Today is International Day of the World’s Indigenous Peoples! We celebrate the countless contributions of Indigenous peoples to the world, including their diversity of ideas, languages and technologies, their knowledge and histories, and their lasting commitments to protecting the environment. In a world threatened by rapid climate change, Indigenous peoples have lived sustainably with forests and prevented the degradation of the environment that causes climate change.
Yet their lands continue to be stolen. Their human rights, including social, economic, cultural and political rights, continue to be disrespected all over the world – from Standing Rock, North Dakota, USA, to Kilombero, Tanzania.
Indigenous peoples are a majority in the Central American country of Guatemala, yet they are still denied basic human rights after almost 500 years of colonization. Since the beginning of 2018, at least 18 defenders of Indigenous land rights have been murdered in Guatemala. Recently, on July 24 a young Maya Q’eqchi leader, Adolfo Ichich Chom, was killed in a land conflict with a large landowner in Baja Verapaz. Then on July 28, neighbors found the tortured body of Juana Raymundo, a 25-year-old Maya Ixil leader, from the town of Nebaj. This is the region that experienced the worst of the genocidal tactics that the Guatemalan government (with support from the United States) carried out against Mayan peoples in the 1980s during the country’s 30-year-civil war. The conflict was fought largely over the vastly unequal distribution of land between large-scale plantations and rural communities.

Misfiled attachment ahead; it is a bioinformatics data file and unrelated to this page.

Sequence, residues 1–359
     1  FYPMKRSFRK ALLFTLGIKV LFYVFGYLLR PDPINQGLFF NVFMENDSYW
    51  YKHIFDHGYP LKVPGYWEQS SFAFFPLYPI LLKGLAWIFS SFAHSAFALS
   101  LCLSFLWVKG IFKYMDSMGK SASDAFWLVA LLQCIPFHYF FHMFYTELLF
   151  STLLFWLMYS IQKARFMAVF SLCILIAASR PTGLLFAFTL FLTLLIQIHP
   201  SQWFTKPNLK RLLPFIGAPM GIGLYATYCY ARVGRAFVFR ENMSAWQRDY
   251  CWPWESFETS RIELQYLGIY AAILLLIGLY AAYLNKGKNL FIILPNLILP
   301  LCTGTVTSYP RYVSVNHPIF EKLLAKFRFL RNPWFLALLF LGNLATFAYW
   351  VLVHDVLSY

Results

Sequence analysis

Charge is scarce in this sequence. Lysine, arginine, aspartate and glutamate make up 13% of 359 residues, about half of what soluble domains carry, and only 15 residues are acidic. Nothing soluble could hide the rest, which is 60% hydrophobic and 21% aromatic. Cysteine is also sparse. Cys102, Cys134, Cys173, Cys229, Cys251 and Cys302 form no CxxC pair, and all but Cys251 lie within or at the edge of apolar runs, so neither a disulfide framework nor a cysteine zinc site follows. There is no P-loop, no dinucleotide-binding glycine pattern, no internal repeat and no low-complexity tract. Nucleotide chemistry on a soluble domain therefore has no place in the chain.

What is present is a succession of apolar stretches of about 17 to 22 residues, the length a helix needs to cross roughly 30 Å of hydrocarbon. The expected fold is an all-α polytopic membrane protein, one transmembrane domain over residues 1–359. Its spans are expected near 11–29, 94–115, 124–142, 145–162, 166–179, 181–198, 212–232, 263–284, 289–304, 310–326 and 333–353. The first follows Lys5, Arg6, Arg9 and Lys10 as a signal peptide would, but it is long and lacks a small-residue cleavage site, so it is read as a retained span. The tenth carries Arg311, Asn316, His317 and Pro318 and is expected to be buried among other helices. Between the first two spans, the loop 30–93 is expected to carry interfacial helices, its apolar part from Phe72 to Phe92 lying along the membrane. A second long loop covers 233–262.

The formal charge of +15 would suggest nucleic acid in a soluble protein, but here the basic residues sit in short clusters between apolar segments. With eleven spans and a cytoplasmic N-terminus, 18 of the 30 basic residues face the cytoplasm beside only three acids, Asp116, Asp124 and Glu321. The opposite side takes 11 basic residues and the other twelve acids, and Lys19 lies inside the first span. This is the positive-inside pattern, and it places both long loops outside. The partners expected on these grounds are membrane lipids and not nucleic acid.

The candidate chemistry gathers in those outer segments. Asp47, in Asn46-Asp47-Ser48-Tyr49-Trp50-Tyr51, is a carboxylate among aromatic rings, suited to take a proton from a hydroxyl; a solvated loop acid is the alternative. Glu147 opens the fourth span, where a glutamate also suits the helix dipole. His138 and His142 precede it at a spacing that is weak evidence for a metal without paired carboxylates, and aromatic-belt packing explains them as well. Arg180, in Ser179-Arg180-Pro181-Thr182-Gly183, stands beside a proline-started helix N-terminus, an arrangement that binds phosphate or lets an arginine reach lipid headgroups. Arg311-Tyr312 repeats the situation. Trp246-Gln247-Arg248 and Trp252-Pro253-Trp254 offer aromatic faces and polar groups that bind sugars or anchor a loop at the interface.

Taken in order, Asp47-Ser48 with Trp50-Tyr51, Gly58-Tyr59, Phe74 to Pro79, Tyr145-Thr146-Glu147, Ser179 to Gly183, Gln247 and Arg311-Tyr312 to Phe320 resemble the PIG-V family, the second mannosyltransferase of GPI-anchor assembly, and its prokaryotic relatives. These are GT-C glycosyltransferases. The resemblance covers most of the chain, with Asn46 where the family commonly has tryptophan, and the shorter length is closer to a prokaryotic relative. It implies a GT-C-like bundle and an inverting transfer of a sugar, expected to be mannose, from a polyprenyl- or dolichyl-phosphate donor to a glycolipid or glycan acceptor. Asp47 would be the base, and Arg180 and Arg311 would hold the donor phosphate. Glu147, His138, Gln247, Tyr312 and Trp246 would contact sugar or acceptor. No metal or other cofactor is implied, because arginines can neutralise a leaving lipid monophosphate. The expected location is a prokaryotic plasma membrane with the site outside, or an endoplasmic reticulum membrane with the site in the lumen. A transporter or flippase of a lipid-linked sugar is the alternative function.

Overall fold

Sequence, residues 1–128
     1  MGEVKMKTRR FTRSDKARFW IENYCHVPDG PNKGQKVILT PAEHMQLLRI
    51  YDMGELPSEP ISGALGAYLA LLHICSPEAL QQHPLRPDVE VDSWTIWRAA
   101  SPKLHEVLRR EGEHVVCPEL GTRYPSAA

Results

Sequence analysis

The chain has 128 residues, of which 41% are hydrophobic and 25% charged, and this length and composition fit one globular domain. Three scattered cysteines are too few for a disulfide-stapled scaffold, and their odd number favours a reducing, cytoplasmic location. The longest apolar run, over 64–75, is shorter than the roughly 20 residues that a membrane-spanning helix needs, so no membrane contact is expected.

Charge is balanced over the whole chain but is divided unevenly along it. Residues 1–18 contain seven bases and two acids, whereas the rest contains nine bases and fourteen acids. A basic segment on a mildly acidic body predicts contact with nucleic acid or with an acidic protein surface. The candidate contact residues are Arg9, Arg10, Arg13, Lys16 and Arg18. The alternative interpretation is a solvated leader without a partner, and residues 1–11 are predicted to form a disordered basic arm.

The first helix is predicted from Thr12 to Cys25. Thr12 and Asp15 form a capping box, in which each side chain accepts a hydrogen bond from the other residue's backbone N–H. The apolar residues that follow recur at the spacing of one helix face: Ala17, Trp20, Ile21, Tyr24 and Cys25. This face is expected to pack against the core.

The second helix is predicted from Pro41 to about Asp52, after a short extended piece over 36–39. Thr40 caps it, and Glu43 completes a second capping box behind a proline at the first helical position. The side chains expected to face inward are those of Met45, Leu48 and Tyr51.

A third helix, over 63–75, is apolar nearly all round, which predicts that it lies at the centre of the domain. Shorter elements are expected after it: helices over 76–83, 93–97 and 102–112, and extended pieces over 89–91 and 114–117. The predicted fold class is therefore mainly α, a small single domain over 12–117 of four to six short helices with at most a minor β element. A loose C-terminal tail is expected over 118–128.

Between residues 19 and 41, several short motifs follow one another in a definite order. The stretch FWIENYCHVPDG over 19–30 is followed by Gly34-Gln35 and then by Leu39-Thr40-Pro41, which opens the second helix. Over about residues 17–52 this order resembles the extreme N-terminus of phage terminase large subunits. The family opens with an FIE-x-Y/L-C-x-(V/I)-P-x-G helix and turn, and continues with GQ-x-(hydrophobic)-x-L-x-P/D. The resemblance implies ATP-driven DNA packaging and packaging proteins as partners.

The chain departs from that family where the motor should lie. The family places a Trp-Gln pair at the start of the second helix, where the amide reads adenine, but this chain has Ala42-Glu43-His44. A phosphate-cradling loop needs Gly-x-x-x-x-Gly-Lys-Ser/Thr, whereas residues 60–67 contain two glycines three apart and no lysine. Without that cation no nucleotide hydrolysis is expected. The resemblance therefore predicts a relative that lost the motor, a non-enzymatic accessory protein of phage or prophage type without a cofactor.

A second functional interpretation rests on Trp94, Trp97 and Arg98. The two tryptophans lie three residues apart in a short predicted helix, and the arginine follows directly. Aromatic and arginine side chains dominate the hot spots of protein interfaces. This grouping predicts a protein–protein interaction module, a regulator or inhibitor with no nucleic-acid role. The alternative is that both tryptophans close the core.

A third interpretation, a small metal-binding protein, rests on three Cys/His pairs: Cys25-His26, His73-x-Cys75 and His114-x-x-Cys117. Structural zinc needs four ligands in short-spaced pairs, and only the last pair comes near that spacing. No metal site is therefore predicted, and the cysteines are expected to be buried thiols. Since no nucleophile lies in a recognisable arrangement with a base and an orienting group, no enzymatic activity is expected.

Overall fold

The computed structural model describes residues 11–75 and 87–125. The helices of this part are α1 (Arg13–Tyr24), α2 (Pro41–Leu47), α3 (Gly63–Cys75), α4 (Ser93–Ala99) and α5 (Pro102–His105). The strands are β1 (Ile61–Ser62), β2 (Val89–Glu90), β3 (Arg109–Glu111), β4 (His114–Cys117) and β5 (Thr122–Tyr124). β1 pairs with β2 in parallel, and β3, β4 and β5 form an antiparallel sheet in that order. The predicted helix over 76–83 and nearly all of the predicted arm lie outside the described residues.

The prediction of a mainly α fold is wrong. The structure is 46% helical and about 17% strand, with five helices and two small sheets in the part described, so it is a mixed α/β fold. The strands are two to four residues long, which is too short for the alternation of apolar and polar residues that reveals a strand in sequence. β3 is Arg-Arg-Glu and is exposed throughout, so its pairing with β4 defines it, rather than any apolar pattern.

Currently, hundreds of Indigenous people are facing criminal charges for political reasons under a corrupt justice system where the wealthy can bring criminal charges against those who engage in protests or organize to defend their land rights. One example of this travesty of justice is the false charges of illicit association and conspiracy brought against Maya Q’eqchi’ community organizer Abelino Chub who has now been in prison without trial since February 2017. His trial is not scheduled to begin until April 2019.
There is so much that can and must be done. For starters, the governments that supported the Peace Accords for majority-Indigenous Guatemala, especially the U.S., need to hold the Guatemalan government accountable. We must support the territorial rights of Guatemala’s Indigenous peoples as they are recognized in most countries throughout the hemisphere. A small step would be for the U.S. government to stop threatening and give full support to the International Commission Against Impunity in Guatemala, which is investigating the human rights violations and the corruption that is being wielded against Indigenous people who are defending their rights.
Indigenous land rights must be respected because Indigenous lives matter. For millennia, Indigenous peoples have led the way in honoring and caring for the environment, developing the diversity of foods and cuisines that are the basis of food security for all. Respecting their right to live on and access their lands – the places they have stewarded for generations – is essential to building an equitable and sustainable world for everyone.